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Joseph McCoy, Abilene, Wichita


Joseph McCoy on left with his brother, James. Photo courtesy Dickinson County Historical Society.



Drovers Cottage, built in 1867 by Joseph McCoy. Photo courtesy Spencer Research Library, University of Kansas



Joseph McCoy in his later years. Photo courtesy Dickinson County Historical Society


Address: 412 S. Campbell, Abilene, KS 67410
[map this location]
Phone: 785.263.2681
Website: en.wikipedia.org/wiki/Joseph_McCoy

Joseph McCoy's approach to marketing cattle on the Kansas plains in Abilene, as opposed to marketing in the urban center of St. Louis, transformed a fragmented cattle business into the national industry that it is today.  1837-1915.

 


Joseph G. McCoy, 1867. Photo courtesy Dickinson County Historical Society
In 1867 Joseph McCoy arrived on the Kansas prairie looking for a suitable location to build stockyards. After being turned down in Junction City, Solomon and Salina he turned his attention to the small community of Abilene. His first impression of Abilene was that it was a very small dead place, consisting of about a dozen log huts. Within a few years, McCoy transformed Abilene into a thriving community.

 

Post Civil War Texas was nearly bankrupt. However, there were millions of head of beef roaming the plains of Texas. McCoy developed a plan to get the Texas cattle to the northern markets.

 

In six months McCoy negotiated with the railroad to construct a 100-car sidetrack for loading cattle at Abilene.  He had lumber shipped in to construct the Great Western Stockyards and the Drovers Cottage Hotel. Because of a quarantine against Texas cattle he negotiated an agreement with Governor Samuel Crawford to allow the cattle within the boundaries of the quarantine.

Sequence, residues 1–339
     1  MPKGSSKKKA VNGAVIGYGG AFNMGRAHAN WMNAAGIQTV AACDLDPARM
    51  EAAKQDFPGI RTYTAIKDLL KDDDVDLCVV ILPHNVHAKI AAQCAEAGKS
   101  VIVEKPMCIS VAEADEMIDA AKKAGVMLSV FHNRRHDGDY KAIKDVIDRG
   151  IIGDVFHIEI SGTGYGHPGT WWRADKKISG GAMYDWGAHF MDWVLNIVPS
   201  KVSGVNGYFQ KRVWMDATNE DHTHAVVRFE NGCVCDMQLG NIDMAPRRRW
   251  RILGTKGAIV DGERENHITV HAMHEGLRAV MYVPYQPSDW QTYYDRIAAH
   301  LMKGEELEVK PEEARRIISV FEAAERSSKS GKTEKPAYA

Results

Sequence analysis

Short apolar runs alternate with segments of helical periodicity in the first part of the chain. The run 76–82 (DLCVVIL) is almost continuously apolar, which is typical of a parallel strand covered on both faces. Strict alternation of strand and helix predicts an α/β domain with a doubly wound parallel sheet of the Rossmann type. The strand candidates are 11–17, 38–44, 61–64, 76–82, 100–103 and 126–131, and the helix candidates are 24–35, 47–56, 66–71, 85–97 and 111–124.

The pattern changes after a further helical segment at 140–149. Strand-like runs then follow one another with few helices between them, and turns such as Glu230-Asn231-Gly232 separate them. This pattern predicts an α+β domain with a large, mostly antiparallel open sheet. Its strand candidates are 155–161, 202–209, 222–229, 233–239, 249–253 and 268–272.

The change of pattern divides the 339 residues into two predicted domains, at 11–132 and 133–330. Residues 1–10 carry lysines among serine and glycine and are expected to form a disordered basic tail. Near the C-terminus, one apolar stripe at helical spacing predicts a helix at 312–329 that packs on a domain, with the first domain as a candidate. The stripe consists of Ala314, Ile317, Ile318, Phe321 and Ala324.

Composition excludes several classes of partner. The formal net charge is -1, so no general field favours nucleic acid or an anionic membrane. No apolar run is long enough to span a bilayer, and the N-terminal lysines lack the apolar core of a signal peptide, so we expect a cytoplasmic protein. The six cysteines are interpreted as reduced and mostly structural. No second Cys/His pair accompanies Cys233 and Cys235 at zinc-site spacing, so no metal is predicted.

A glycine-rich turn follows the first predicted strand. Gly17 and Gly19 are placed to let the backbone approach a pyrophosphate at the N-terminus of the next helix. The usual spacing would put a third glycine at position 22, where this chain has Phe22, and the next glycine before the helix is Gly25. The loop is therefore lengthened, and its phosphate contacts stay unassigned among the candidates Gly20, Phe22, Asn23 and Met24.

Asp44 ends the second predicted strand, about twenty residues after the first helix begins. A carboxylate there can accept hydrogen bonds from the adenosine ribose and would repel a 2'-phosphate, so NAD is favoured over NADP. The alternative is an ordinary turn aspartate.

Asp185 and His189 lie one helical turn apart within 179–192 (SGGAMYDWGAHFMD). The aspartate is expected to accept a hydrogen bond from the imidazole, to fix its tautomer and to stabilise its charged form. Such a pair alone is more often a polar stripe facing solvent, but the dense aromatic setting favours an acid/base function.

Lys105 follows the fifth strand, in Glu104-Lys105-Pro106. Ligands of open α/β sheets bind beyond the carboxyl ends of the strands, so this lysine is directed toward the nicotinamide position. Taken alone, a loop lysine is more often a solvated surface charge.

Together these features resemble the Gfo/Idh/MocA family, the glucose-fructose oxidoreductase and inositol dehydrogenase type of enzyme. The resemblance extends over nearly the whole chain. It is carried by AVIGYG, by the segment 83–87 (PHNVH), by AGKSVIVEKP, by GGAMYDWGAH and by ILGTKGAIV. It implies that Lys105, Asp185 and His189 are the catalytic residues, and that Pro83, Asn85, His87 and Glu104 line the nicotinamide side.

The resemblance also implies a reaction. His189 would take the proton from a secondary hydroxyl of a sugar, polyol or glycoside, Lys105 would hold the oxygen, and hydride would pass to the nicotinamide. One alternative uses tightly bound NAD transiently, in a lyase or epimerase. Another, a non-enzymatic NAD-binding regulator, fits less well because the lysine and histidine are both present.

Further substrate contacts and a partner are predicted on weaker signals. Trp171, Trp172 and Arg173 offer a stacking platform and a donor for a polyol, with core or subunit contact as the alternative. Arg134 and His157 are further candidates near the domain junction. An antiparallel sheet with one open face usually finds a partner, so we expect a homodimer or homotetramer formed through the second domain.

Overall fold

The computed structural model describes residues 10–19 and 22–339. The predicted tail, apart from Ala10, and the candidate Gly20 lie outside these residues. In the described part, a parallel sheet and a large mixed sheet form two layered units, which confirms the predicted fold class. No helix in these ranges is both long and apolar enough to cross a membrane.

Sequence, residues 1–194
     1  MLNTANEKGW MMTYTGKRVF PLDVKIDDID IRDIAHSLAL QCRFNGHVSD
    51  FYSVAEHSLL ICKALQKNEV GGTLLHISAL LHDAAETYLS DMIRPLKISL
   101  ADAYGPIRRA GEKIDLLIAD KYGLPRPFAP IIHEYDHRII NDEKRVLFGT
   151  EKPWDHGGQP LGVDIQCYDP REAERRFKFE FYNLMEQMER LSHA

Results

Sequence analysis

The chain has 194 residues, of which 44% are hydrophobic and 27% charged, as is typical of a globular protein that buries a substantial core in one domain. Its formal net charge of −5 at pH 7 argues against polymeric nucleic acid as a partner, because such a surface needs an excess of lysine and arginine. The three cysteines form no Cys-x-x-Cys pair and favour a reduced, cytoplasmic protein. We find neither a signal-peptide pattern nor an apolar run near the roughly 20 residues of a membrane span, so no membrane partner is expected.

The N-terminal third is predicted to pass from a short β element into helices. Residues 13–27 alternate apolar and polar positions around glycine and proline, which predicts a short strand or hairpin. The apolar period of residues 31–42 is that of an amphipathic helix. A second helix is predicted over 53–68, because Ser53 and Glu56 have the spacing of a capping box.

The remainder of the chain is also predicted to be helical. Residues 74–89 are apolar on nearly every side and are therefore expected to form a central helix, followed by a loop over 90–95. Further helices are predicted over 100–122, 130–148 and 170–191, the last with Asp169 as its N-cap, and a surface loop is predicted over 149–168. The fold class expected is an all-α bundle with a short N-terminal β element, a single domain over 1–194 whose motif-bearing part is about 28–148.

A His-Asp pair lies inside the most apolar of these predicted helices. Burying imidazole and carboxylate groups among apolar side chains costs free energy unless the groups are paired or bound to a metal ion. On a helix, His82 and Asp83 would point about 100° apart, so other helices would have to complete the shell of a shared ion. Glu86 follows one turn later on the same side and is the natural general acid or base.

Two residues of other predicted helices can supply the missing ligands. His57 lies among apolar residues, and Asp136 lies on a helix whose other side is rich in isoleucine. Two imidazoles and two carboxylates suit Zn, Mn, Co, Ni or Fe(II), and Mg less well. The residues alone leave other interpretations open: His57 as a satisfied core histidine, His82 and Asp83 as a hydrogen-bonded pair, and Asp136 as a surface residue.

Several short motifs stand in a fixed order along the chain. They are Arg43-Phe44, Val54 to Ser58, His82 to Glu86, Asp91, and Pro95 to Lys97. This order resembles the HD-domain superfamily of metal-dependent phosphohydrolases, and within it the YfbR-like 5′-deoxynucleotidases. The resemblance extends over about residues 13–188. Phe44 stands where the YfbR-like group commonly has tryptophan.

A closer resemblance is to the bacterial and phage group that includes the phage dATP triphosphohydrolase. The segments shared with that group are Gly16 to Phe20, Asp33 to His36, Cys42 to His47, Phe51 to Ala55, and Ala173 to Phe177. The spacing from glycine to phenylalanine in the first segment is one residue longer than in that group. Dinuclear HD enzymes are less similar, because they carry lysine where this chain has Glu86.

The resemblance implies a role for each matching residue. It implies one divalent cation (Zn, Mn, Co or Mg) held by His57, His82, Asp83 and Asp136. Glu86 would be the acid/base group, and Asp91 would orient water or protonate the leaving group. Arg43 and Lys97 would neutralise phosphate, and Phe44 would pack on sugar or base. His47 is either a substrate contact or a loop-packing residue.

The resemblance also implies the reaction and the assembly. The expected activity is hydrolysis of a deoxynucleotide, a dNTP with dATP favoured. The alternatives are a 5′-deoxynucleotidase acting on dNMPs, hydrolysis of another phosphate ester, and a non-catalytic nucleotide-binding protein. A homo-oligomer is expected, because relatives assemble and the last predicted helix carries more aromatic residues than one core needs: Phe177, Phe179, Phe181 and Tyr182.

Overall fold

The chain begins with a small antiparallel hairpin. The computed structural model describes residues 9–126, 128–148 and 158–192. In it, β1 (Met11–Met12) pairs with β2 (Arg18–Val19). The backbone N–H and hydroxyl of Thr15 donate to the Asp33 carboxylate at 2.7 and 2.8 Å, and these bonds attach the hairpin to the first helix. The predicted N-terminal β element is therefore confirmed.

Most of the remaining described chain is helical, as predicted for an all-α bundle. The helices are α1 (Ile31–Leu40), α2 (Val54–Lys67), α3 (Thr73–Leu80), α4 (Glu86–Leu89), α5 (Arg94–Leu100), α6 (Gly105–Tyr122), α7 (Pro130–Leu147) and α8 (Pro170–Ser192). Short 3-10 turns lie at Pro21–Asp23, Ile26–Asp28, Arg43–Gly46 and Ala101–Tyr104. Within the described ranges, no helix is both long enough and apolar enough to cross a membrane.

McCoy sent riders into the Indian Territory (Oklahoma) to spread the word that a new market was open for the Texas cattle. The route from present day Wichita to Abilene had to be surveyed and marked.  By late August everything was in place as the first cattle herds came to Abilene.

 


Abilene, Kansas "in its glory" as it is depicted in this lithograph. 
Photo courtesy Dickinson County Historical Society.

In 1867, 35,000 head of cattle were driven to Abilene. The drovers were so impressed with the new market that the word spread across Texas, bringing more herds up the trail. During the next four years over 1.3 million head of cattle were driven up the cattle trail that became known as the Chisholm Trail. The results of the cattle trail era of Kansas were many. Texas sold nearly $150,000,000 of beef to the nation. The beef industry became a national business. The nation was able to get good beef at a fair price. Many towns in Kansas benefited from the cattle drives. The six major towns were Abilene, Ellsworth, Newton, Wichita, Caldwell and Dodge City. Virtually every town with a railroad shipped varying numbers of cattle.

 

The beef industry spread to Wyoming and Montana. Cattle driven up the Chisholm Trail and the Western Trail to the northwest included breeding stock for ranches in the new territories. The Kansas City Stockyards and the packing industry began as a result of the cattle drives to Kansas.

 


The Great Western Stockyards, Abilene,1867.  Photo courtesy of the Dickinson County Historical Society.
The American icon, the American Cowboy was born from the cattle drive era.  The image of a man wearing a ten gallon hat, a six-shooter, chaps, cowboy boots and spurs came from this era. Joseph McCoy and his cattle market at Abilene put Kansas on the national and international maps.

 

Joseph McCoy's idea shaped the beef industry of a nation. Joseph McCoy also wrote a book, Historic Sketches of the Cattle Trade of the West and Southwest, published in 1874.  It is probably the most important reference on the cattle business of the time. It is the foundation for anything written about the cattle drive era.

 

Source:  Jeff Sheets' nomination and Jim Gray.


 

POINTS OF INTEREST ABOUT JOSEPH McCOY IN KANSAS

ABILENE

  • Heritage Center of Dickinson County, 412 S. Campbell.  785.263.2681.  Open Monday-Saturday 9 a.m.-4 p.m.; Sunday 1-5 p.m.  Find a small display about McCoy at present.  A new one will soon be installed.

WICHITA

  • McCoy is buried in the Maple Grove Cemetery, 1000 N. Hillside.  316.682.4821.